Jnana yoga: the yoga of wisdom; the search for discipline and mental growth Karma yoga: focuses on action, on tasks and duties that benefit oneself and one’s community Bhakti yoga: the yoga of devotion and surrender to the divine Mantra yoga: focuses on the recitation of mantras to reach a state of relaxation Kundalini yoga: combines diverse steps to reach the desired mental state Raja yoga: also known as the royal path; encompasses a range of steps geared toward achieving communion with oneself and others Hatha yoga: the most widespread form in the West and Japan; characterized by asanas or poses combined in a quest for balance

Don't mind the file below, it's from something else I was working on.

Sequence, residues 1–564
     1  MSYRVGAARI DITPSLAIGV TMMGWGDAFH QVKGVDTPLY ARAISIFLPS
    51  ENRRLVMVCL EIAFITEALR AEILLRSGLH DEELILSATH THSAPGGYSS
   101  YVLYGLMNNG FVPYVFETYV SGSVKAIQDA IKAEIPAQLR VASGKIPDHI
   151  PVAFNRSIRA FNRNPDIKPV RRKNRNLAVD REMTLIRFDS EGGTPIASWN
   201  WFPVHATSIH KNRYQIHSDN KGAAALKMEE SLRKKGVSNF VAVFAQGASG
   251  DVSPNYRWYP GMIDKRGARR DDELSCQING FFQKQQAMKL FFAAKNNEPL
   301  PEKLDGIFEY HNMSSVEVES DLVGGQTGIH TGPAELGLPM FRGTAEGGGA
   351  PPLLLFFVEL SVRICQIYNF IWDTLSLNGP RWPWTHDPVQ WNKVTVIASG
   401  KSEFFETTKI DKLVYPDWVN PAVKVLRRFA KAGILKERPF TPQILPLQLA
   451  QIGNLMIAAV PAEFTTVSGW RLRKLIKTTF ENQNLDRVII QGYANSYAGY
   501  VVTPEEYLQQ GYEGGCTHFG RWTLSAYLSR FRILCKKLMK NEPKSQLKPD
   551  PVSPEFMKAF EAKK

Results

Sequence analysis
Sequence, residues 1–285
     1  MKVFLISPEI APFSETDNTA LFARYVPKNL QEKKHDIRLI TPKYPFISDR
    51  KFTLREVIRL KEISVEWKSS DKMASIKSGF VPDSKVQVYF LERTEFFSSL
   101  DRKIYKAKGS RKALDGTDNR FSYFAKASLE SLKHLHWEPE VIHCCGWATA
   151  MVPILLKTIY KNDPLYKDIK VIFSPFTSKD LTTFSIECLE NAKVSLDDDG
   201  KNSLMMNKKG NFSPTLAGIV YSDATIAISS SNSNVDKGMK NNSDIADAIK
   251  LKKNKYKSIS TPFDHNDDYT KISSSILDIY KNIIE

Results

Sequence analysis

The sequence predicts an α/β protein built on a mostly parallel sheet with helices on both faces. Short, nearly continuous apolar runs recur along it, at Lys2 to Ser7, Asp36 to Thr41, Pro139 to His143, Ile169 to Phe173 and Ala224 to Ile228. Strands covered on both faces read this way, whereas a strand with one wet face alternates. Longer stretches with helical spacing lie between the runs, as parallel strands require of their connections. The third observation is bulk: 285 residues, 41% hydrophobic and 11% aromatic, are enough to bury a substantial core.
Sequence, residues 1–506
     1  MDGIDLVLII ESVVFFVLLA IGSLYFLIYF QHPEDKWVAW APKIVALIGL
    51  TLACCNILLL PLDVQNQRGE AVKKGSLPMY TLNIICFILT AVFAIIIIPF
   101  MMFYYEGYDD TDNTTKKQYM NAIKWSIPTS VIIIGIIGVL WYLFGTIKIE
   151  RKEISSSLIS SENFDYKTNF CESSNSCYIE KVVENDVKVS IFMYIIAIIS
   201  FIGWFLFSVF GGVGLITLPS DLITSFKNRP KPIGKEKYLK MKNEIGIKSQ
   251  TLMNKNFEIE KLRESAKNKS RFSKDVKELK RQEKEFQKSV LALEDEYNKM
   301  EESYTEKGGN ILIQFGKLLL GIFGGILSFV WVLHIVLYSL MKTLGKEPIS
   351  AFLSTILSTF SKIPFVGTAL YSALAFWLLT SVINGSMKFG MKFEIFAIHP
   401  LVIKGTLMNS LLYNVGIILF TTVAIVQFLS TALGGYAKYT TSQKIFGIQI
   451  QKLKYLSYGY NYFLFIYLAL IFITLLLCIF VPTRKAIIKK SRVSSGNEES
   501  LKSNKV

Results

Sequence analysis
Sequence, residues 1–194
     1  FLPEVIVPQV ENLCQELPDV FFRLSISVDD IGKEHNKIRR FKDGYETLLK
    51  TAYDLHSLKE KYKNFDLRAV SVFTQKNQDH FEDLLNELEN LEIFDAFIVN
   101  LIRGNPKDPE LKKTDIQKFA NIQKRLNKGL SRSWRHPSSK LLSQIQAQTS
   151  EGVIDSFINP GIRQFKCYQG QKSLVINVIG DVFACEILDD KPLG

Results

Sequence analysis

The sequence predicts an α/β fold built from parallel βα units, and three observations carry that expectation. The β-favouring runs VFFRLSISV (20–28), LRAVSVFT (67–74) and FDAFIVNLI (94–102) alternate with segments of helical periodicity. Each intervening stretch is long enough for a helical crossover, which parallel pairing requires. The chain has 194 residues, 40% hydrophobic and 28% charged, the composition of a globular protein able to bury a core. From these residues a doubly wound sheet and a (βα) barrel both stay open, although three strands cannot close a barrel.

“We have to learn to turn off the autopilot that’s steering us in an endless loop. We all know people who snack while talking on the phone or watching the news. You ask them if the omelet they just ate had onion in it, and they can’t tell you,”
If you want to stay busy even when there’s no need to work, there has to be an ikigai on your horizon, a purpose that guides you throughout your life and pushes you to make things of beauty and utility for the community and yourself.
You stay in your time. You don’t go backward. I think if you relate to the time you’re in, you keep your eyes and ears open, read the paper, see what’s going on, stay curious about everything, you will automatically be in your time